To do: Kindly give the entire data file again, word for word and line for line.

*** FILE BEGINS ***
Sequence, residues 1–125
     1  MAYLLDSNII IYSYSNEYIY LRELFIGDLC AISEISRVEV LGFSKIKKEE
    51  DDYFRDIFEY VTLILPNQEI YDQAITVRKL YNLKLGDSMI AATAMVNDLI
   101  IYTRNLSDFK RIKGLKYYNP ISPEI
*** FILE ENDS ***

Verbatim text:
Sequence, residues 1–125
     1  MAYLLDSNII IYSYSNEYIY LRELFIGDLC AISEISRVEV LGFSKIKKEE
    51  DDYFRDIFEY VTLILPNQEI YDQAITVRKL YNLKLGDSMI AATAMVNDLI
   101  IYTRNLSDFK RIKGLKYYNP ISPEI